Belgium’s Nafissatou Thiam wins heptathlon gold

Nafissatou Thiam did just enough in the final 800 metres race to edge out Britain's defending champion Jessica Ennis-Hill.

By: Reuters | Rio De Janeiro | Published:August 14, 2016 2:03 pm
Nafissatou Thiam, Nafissatou Thiam Heptathlon, Nafissatou Thiam Belgium, Nafissatou Thiam Gold, Nafissatou Thiam Rio Olympics, Nafissatou Thiam Rio 2016, Rio 2016 Olympics, Rio, Olympics, Heptathlon After two days of see-saw competition Nafissatou Thiam went into the final event with a lead of 142 points, which equated to around nine seconds. (Source: Reuters)

Belgian student Nafissatou Thiam won the Olympic heptathlon gold medal on Saturday as the 21-year-old did just enough in the final 800 metres race to edge out Britain’s defending champion Jessica Ennis-Hill.

After two days of see-saw competition Thiam went into the final event with a lead of 142 points, which equated to around nine seconds.

Ennis-Hill ran hard from the front to finish well clear but Thiam dug deep to come in just over seven seconds behind, a second inside her personal best, and good enough to take gold.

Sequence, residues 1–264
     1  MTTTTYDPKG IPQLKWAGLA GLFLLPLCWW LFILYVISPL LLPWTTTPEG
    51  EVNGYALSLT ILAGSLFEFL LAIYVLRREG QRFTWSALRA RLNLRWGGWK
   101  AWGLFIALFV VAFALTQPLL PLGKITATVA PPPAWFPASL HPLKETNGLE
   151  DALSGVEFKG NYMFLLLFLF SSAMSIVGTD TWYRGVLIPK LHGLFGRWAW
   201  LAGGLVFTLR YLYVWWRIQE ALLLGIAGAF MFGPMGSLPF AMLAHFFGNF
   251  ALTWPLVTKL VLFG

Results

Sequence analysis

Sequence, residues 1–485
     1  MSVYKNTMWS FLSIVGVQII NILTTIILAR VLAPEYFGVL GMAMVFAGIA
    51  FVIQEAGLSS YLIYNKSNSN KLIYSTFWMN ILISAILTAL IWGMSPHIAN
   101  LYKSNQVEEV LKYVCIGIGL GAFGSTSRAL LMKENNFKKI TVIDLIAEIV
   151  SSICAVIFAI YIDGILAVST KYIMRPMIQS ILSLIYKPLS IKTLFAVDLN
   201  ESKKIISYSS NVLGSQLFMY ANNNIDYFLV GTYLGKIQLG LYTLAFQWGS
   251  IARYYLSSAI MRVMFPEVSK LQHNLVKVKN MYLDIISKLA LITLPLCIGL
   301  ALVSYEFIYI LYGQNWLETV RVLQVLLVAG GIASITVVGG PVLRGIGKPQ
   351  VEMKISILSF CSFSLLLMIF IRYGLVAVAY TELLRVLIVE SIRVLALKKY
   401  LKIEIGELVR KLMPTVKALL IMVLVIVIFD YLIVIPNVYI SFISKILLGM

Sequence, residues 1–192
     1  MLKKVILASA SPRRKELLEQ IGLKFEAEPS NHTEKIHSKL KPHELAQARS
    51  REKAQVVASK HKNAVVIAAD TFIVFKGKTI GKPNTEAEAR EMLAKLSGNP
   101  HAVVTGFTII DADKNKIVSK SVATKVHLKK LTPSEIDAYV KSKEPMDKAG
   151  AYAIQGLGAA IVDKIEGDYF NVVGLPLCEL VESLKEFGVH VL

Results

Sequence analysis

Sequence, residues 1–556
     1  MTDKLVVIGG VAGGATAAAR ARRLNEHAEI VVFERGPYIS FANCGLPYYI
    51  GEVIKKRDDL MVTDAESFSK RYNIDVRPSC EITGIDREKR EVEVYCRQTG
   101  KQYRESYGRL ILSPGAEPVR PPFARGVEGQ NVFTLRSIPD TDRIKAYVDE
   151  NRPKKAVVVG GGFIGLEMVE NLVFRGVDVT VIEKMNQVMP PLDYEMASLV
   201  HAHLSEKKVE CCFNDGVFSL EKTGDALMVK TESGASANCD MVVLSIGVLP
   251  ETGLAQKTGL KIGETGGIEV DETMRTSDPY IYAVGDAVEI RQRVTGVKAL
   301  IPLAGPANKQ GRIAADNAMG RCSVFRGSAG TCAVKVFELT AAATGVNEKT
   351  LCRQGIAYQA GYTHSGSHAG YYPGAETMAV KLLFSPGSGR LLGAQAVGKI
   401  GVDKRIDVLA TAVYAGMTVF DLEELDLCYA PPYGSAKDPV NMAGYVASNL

“I still can’t believe it, I didn’t come for a medal. I didn’t think about it at all,” said Thiam.

“It’s crazy. I wasn’t expecting that – maybe top eight, but not the gold.

“In the 800m I was just trying not to let Jess go, I thought I could do 2:15 or 16 and not let her go too far. I guess my life is going to change, I am still at university so maybe I have a decision to make.”

Ennis-Hill, who came back from having a baby to win the world title last year, led overnight but Thiam sneaked into a five point lead after a personal best 6.58 metres with her final attempt in the morning long jump.

Ennis-Hill’s 6.34m was solid enough though as the two headed into the javelin looking as if the gold was between them but Thiam’s massive 53.13 throw effectively settled it.

The Briton’s personal best was 9.47 seconds better than Thiam’s but the new mother likes to measure her performances these days in terms of PBPBs – post-baby personal bests – and it always looked too big a gap.

“It’s so hard to find the words to describe this. It’s very emotional,” Ennis-Hill said.

“I have to make a big decision about what I’m going to do. This could be my last one.”

Canada’s Brianne Theisen-Eaton claimed bronze after a strong second day.

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